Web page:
Wisdom must be the goal of education, while money will always be the goal of training. It is much easier to sell education — literature, arts, sociology, psychology, etc., the soft technologies — by broadcasting that “Wisdom” is the goal; use the word; use it often. Wisdom even rings true in the Bible Belt and the Red States: Moses was not so much famous for his technical expertise as he was for his wisdom.

    It is just as important for a country to produce wise people as it is to produce skilled people; and just as fatal if it doesn’t.

    Give me a few friends who are a mixture of wisdom and technical skills, and my hapless enemies may have all the loser assholes of mere technical genius they may stupidly desire.

    Boy do we need wise people now!

  21. Right on, Sheila. Training is but a fraction of a well-rounded education. I don’t think I ever appreciated that as much before Donald Trump became President and evidence of the need for humanities.

  22. I have been saying this forever, but will repeat it now and continue to do so.

    Big Business requirements for specific skill sets have been foisted off on taxpayers. They have abandoned training employees to the needed skills in favor of hiring trained workers to fill jobs as needed (temps who aren’t given any benefits but are expected to be happy to have any job). Apprenticeships and internships often go uncompensated or minimally so. We hear cries from those hiring that they can’t find enough “qualified” candidates for openings, pushing for exemptions of highly skilled foreign workers when in reality they don’t want to pay for skills particular to their industry/trade.
    An educated voter is the raison d’etre for public education as included in our state’s Constitution. It does not say anything about job training as the ultimate goal. It does follow that if you are educated instead of only trained, you will be flexible and adapt to new demands of your life. You can be trained in new skills without having to reinvent the mouse trap every time the job market demands.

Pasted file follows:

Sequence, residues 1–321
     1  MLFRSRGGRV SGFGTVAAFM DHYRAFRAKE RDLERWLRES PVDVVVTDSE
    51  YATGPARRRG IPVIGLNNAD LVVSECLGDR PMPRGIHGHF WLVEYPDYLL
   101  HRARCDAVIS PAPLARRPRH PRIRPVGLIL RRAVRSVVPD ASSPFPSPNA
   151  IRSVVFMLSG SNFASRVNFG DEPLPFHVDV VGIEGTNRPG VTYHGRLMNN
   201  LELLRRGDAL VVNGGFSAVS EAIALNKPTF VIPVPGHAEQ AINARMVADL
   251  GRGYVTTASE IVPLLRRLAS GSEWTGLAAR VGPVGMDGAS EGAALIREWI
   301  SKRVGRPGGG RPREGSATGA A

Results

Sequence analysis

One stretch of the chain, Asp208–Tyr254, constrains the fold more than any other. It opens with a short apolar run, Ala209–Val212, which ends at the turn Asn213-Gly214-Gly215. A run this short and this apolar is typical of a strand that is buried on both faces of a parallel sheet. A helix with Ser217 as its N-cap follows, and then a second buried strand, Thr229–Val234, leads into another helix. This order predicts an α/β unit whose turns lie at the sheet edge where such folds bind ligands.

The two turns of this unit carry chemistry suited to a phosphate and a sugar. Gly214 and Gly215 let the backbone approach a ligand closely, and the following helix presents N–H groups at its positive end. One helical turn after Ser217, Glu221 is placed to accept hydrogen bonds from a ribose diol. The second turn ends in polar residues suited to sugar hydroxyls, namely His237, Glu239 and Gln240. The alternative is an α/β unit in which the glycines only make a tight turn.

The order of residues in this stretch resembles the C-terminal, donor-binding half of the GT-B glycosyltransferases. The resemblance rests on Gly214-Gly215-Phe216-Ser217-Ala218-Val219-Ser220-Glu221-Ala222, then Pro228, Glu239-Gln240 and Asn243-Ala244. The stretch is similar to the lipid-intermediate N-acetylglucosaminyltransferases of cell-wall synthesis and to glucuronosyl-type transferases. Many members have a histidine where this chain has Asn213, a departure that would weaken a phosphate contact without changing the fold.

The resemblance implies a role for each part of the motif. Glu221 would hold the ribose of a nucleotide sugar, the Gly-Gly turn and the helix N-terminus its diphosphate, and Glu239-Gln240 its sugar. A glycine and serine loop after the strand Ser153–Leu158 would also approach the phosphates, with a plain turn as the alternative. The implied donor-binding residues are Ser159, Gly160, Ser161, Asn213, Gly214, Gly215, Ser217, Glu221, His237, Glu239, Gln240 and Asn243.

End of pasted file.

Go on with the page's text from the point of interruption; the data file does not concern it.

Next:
We have been sold a bill of goods by Big Business at the cost of our education, in all the ways that the true meaning of that word.
    Following Marv’s example, I offer the definition of “education from Merriam Webster
    “knowledge, skill, and development gained from study or training”
    with the emphasis on development and study. It is something that should be exercised throughout life.

  23. Up here at (Indiana) Purdue Fort Wayne, the Purdue administration under Mitch Daniels (as part of the breakup between IU and Purdue) closed several Humanities and related departments, including French, German and Women’s Studies. I couldn’t understand closing foreign language departments, since foreign investments and trade relationships are so important in today’s economy. The justification was that the departments weren’t fiscally profitable, and there was even a book that laid out the specifications. From just glancing at it, it was hard to pick up on the underlying reasons for the specifications, but I suspected that it had something more to do with the political philosophy of Daniels for universities to generate worker drones. Part of the plan backfired when the Women’s Studies department demonstrated that they were actually a profitable department.